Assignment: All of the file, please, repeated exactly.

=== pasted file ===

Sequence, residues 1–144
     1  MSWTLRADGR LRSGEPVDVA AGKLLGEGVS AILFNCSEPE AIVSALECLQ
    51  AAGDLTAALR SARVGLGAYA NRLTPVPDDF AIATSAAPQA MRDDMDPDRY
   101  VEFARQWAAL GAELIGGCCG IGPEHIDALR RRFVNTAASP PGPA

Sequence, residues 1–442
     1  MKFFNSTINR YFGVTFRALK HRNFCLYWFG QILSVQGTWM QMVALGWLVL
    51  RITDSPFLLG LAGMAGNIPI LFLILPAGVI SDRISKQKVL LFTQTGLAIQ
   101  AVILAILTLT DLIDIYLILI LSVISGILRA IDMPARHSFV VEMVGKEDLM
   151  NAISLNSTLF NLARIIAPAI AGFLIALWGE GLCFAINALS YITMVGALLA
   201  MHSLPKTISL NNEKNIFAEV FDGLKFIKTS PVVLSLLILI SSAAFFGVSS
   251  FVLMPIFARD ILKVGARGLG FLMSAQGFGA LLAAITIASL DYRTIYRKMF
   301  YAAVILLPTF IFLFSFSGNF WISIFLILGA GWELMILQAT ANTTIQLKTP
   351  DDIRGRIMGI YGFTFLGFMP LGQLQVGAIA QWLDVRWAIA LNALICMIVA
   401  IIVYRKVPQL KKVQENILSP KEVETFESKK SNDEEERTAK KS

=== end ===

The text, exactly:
Sequence, residues 1–144
     1  MSWTLRADGR LRSGEPVDVA AGKLLGEGVS AILFNCSEPE AIVSALECLQ
    51  AAGDLTAALR SARVGLGAYA NRLTPVPDDF AIATSAAPQA MRDDMDPDRY
   101  VEFARQWAAL GAELIGGCCG IGPEHIDALR RRFVNTAASP PGPA

Sequence, residues 1–442
     1  MKFFNSTINR YFGVTFRALK HRNFCLYWFG QILSVQGTWM QMVALGWLVL
    51  RITDSPFLLG LAGMAGNIPI LFLILPAGVI SDRISKQKVL LFTQTGLAIQ
   101  AVILAILTLT DLIDIYLILI LSVISGILRA IDMPARHSFV VEMVGKEDLM
   151  NAISLNSTLF NLARIIAPAI AGFLIALWGE GLCFAINALS YITMVGALLA
   201  MHSLPKTISL NNEKNIFAEV FDGLKFIKTS PVVLSLLILI SSAAFFGVSS
   251  FVLMPIFARD ILKVGARGLG FLMSAQGFGA LLAAITIASL DYRTIYRKMF
   301  YAAVILLPTF IFLFSFSGNF WISIFLILGA GWELMILQAT ANTTIQLKTP
   351  DDIRGRIMGI YGFTFLGFMP LGQLQVGAIA QWLDVRWAIA LNALICMIVA
   401  IIVYRKVPQL KKVQENILSP KEVETFESKK SNDEEERTAK KS